I’ve been doodling around for quite a while now on a far future storyline about human-AI hybrids set in a post-biosphere civilization called the Floating World.
The name “Maps From the Floating World” is meant to evoke the famous Ukiyo-e woodcuts of 18th Century Japan. Ukiyo-e (usually translated into English as “Pictures of the Floating World”) were the ancestral art form of modern Japanese manga: mass-produced illustrations for glamorous stories about the geisha, samurai, intellectuals and rich merchants who populated Japan’s great 17th century cities. The original “Pictures of the Floating World” depicted a profoundly new environment in Japanese (and human) history: an urban universe on the cusp of industrialization, full of people uprooted from their rural past and looking for new stories and new ways of living.
In the large scope of human cultural evolution, it’s only a few short steps from 17th century Japan’s “nightless cities” to the overwhelming, disorienting, chaotic cityscapes of cyberpunk … or from the floating world’s geishas and ronin to cyberpunk’s razor girls and keyboard cowboys. I’ve tried to draw a line between these two points — iconic images of proto-industrial urbanism on the one hand and post-industrial science fiction on the other hand — and project it into a distant future. The inhabitants of my imagined Floating World are also people uprooted from their past and trying to chart their course through a new reality. In this case, however, it is the post-biosphere reality of Life After Earth.
The central figures in the story are the human-AI hybrids who map, maintain and repair the informational threads of the Floating World. In essence, they are cosmic systems administrators. But the system they administer is humanity itself, and it is so vast and so old that no one even remembers whether it’s the real world or just a virtual echo of a world long-dead. I guess you could call these AIs gods … if gods were fallible and mortal. The surviving human inhabitants of the Floating World just call them Tinkers.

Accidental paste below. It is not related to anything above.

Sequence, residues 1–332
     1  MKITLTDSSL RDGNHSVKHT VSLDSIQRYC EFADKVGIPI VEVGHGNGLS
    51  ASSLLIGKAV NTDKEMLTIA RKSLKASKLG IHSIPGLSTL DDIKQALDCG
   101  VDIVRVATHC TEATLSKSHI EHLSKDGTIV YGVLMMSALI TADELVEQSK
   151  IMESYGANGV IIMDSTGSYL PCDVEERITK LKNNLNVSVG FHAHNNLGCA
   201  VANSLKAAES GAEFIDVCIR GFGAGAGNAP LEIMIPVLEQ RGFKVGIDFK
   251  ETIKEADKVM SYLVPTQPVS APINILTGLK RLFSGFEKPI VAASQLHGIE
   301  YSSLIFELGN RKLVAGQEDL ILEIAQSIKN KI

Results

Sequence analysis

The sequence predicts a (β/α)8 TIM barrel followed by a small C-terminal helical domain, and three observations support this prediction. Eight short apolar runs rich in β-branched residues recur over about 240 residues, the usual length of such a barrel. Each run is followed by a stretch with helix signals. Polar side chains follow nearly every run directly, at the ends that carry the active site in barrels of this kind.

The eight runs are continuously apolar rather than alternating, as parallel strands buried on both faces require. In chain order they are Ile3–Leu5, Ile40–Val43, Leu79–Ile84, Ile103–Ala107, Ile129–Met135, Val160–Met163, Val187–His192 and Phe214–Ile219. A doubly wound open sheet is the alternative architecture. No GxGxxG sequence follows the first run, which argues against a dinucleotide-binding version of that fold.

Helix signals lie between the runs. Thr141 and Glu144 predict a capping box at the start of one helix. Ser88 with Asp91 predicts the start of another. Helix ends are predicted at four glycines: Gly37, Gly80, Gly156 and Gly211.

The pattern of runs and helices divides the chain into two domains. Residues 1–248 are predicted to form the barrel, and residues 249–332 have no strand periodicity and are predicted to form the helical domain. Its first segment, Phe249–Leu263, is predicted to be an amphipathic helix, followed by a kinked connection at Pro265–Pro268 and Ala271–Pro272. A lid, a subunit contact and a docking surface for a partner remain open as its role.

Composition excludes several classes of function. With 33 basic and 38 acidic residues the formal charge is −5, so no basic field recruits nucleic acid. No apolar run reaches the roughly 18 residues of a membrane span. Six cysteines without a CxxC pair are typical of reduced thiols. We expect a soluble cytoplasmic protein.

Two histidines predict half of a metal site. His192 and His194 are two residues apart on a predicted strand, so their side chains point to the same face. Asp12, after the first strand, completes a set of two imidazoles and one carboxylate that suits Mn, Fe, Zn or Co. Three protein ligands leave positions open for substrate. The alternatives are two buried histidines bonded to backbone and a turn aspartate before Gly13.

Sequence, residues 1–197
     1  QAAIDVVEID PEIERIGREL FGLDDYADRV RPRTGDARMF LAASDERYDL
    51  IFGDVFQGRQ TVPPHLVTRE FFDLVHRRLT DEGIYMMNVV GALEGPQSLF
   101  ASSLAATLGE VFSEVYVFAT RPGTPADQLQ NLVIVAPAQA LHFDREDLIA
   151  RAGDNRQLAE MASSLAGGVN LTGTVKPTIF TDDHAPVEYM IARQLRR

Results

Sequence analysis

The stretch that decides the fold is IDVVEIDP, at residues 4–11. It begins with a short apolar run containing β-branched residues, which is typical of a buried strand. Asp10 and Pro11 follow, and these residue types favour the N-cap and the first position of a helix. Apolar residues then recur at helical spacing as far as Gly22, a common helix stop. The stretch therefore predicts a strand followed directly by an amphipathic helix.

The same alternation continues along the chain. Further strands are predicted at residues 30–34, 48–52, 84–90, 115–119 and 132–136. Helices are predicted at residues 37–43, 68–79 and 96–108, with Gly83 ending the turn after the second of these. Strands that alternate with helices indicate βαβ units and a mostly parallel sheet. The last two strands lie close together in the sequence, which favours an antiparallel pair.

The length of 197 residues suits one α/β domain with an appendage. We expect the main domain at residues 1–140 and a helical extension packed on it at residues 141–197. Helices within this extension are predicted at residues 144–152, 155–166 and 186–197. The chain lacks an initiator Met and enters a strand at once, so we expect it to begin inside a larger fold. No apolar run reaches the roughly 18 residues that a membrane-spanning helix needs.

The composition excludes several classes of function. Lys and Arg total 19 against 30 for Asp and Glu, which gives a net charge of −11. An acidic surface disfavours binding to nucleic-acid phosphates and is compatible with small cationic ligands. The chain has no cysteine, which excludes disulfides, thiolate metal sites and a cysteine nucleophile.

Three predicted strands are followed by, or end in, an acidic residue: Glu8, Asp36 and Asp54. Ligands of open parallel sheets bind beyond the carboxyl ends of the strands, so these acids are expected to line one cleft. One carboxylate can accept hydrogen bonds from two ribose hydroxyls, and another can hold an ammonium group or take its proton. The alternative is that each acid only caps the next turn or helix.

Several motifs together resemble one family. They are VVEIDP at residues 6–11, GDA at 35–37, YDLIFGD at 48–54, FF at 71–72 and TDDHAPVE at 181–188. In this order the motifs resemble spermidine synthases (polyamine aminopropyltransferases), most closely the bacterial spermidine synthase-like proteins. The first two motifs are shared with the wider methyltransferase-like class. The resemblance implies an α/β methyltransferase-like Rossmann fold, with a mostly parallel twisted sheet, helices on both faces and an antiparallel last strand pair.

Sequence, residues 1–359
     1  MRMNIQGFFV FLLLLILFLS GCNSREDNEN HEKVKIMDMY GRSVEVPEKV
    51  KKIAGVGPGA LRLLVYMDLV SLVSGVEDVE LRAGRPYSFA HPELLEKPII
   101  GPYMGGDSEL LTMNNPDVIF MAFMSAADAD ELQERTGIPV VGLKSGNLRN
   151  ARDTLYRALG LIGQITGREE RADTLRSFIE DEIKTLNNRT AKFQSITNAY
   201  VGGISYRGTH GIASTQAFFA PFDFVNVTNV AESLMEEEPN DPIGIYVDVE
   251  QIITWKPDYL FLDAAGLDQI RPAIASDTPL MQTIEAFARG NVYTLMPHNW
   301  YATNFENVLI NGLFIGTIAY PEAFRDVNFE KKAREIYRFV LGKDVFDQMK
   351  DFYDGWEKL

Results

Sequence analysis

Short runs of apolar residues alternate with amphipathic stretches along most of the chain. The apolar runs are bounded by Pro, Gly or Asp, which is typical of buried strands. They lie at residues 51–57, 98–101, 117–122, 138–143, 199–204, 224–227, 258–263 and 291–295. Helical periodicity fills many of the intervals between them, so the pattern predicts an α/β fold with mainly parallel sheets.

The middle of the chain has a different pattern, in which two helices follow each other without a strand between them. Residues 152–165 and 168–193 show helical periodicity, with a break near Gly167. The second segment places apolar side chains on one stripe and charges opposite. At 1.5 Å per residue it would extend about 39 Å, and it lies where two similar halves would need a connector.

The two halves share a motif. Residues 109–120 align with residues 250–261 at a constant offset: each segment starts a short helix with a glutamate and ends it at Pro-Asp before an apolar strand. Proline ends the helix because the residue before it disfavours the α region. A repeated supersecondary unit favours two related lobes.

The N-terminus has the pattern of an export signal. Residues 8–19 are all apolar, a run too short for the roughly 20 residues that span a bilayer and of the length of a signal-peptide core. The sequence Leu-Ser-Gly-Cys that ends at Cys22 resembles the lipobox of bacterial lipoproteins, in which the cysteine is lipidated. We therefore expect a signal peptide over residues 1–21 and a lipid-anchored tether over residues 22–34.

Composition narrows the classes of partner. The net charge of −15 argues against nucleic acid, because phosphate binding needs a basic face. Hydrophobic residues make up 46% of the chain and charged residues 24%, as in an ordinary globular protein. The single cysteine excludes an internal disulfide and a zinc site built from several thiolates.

Okay. So much for idle daydreams. What pushed this project beyond the realm of idle daydreams was meeting artist Martha Lewis.
Martha’s work is truly amazing. It explores technological and scientific images in a way that explodes all the stale old assumptions and stereotypes we’ve come to associate with scientific (and science fictional) illustration. Her paintings have the hypnotic, iconic, otherworldly quality of ancient maps. You can get lost in them. You can imagine futuristic monks meditating in front of them. You could even meditate in front of them yourself. The first time I saw one of her paintings, I had that kick-in-the-gut feeling of having found something I hadn’t even known I was looking for.
Thus, I am very, very excited to be able announce that Martha has tentatively agreed to collaborate on the Floating World project.
At this stage we’re still just throwing ideas at the walls and seeing which ones stick. But the eventual goal is to construct an online graphic novel that will be truly a creature of the web, written, drawn, and designed as fragments of linked hypertext. Eventually, we hope to weave a number of interconnected stories together so that readers will be free to navigate the links between various storylines in any order they choose, be it following the adventures of a favorite character or constructing a large scale history of the system as a whole. In essence, we would like the comic itself to function as a virtual Floating World … one where each reader will be free to construct his or her own personal map of the territory.
All these grand plans are still a long way off, of course. But we are moving forward. I’ll keep you posted on our progress. And hopefully I’ll have some good stories and pretty pictures for you in the not-too-distant future…..